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Why other furniture paints have a nasty niff

I often hear about peoples experiences with different furniture brands and a common criticism of other paints is the lingering and noxious smell they produce.

If you know me, you will know I have a twitchy, sensitive nose and sneeze when confronted by nasty pongs.

Sometimes it’s a squeak of a snezzle, and sometimes a whooping thumper of a sneeze so providing Kitchen Cupboard Paint that had no aroma was vital for me, you and those you love.

Of course, it’s not just about the smell. It is what causes the nasty niff and it’s associated effects that are important to avoid for the good of your health.

Paint is made up of several components; some are of natural origins such as minerals, chalk, clays or natural oils. Other ingredients such as binders, pigments and additives are more often synthetically-derived from different industrial chemical processes. All the components undergo some degree refinement, processing or chemical treatment, so they result in excellent quality, long-lasting paint.

These production steps necessitate the use of different process aids, including substances classed as VOCs - Volatile Organic Compounds. Although every effort is made to remove them, there will still be trace amounts in the finished raw materials that are used to make the paint.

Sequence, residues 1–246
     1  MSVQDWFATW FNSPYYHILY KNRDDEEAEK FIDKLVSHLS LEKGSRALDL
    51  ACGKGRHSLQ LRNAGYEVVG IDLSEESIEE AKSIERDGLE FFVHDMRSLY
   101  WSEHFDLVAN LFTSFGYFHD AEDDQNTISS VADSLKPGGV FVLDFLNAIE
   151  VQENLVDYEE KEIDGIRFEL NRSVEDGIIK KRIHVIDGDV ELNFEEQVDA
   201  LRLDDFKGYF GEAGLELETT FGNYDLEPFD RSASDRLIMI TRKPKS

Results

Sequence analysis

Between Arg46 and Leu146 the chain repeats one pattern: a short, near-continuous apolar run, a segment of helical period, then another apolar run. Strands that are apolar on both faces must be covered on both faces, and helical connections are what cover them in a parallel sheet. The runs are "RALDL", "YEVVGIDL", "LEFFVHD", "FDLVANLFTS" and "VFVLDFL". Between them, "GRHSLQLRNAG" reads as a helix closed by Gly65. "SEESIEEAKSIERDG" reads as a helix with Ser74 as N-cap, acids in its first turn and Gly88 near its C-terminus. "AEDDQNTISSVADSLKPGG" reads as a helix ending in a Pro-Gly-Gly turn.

The nasty niffs that some brands of furniture paint release from the paint into the air, causing atmospheric pollution, are as a result of very high level Volatile Organic Compounds.

So do check the details on the paint you buy and if it reads:

“Warning: HIGH VOC CONTENT 25-50% VOC's (Volatile Organic Compounds) contribute to atmospheric pollution. May produce an allergic reaction. Keep out of reach of children. Always read instructions.”

Choose Kitchen Cupboard Paint instead.

You will be pleased with the Topcoat 1.79% VOC content and lack of smell during and after painting.

You can find more details about VOC’s in my frequently asked questions page or by calling 01380 848594

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